Biblical Illiteracy and the Knowledge of God (Part 1) by Toby Jennings
Recent research estimates that just over half of the American population considers itself Protestant Christian, with just over a quarter being Evangelical Protestant. To what may we attribute such decline?
Undoubtedly, at least one reason is a decline in knowing God, significantly influenced by biblical illiteracy. If a person is to be known by what he or she determines to reveal about him or herself, then the correlation between biblical illiteracy and a diminished knowledge of God is evident. If the invisible God has chosen to reveal himself by means of Scripture, need we even ask the question "How does one come to know God?"
When being interrogated before King Agrippa, the apostle Paul responded, "I am convinced that none of these things escapes his notice, since this was not done in a corner" (Acts 26.26). That is, the events surrounding God's consummate self-disclosure in Jesus Christ are no secret. To wit, the commemoration of Easter just celebrated around the world is ardent testimony to this fact.
True, the God who created everything out of nothing has graciously and abundantly made Himself not only known but also knowable to anyone who will inquire honestly. He has done so in the person and work of Jesus Christ—the divine Son who "has explained" God to a world willfully estranged from Him (John 1.18). The Holy Scriptures are the written testimony of Jesus Christ (John 5.39; Rev 1.1). They are the means God has provided for us to know Him, and through them He bids us to come to Him.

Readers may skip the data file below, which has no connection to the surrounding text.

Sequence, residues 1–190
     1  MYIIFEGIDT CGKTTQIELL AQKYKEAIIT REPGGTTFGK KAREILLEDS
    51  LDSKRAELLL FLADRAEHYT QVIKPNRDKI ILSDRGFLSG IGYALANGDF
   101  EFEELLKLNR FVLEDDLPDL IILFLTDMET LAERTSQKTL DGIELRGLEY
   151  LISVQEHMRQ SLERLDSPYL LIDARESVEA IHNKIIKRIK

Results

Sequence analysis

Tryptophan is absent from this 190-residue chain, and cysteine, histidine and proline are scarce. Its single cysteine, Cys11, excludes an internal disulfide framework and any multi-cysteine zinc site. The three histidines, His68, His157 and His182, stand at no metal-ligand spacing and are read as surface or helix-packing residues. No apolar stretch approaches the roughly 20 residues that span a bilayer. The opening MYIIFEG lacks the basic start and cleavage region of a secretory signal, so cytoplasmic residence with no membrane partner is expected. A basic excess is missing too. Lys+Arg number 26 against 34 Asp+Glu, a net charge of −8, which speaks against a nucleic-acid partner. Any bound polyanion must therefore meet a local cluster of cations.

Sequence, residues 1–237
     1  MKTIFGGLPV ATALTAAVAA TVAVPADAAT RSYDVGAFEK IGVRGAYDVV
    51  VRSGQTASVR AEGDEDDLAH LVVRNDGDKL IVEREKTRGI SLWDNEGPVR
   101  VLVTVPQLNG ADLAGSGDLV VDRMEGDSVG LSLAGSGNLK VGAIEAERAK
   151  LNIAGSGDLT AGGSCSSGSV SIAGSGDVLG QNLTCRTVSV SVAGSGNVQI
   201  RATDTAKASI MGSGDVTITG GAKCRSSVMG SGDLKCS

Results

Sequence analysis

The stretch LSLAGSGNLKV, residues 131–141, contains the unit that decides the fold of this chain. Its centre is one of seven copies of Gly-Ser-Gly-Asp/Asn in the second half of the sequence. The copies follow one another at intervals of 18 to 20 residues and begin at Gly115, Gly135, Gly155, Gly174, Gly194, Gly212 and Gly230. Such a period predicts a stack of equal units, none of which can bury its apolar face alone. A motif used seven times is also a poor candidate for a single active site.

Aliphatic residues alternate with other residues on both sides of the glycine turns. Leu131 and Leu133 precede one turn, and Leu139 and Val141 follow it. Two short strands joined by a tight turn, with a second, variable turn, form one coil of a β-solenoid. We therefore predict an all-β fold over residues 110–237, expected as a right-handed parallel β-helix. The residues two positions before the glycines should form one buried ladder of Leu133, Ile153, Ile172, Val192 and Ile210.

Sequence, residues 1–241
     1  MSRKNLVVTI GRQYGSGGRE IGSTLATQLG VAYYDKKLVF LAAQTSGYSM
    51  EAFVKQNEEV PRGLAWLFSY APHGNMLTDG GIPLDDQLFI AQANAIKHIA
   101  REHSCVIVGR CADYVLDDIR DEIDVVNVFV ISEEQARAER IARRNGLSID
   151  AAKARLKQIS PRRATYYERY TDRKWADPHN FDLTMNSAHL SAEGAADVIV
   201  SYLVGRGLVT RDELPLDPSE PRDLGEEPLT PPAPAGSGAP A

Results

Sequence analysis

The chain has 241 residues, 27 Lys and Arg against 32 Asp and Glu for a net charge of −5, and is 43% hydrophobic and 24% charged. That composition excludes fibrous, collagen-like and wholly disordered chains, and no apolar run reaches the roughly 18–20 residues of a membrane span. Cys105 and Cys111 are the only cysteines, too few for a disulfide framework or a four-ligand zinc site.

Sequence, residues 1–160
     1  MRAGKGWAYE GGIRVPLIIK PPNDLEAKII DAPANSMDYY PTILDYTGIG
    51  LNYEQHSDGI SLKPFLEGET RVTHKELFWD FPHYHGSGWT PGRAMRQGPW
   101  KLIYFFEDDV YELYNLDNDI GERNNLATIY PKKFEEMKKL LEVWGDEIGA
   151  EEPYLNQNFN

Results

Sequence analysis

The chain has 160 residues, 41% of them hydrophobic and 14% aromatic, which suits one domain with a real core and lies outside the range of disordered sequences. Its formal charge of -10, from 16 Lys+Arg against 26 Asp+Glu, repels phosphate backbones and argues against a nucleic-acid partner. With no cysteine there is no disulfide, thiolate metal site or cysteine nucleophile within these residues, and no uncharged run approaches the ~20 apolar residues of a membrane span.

Just as God freely gave every good and perfect gift to our original parents, Adam and Eve, and bid them to enjoy freely the abundant life He daily lavished upon them, so also God continues to offer the same abundant life to us too through the same resource Adam and Eve had available to them—every word that proceeds from the mouth of God (Matt 4.4; Deut 8.3).
It's no wonder, then, that the Transformational Discipleship Assessment conducted by LifeWay Research discovered that Bible engagement impacts spiritual maturity more than seven other discipleship attributes combined. If God's image bearers are designed and created to feast and live upon every word given from their Creator, why would anyone imagine otherwise statistically? Clearly, communities studying the Word of Christ together are quantifiably more spiritually mature.
This maturity is part and parcel of Christ's desire for His bride; so says the inspired apostle (Eph 4.10-21; 5.25-27; Phil 3.12-17). Notably, the means of Christ's preparation of His own matured, holy, and spotless bride is "the washing of water by the word."
Who, then, can disavow earnest and systematic study of the Bible by which that the Word of Christ is made to dwell richly among us (Col 3.16)? More to the point, what follower of Jesus Christ does not want to be characterized as a faithful and sensible servant whose master finds him working when he comes (Matt 24.45-46)?
However we answer these questions, the statistics of biblical illiteracy among those who profess to follow Jesus Christ betrays an air of faithlessness in this regard. What means can we employ, in biblical faith, to reverse this illiteracy in the knowledge and love of God?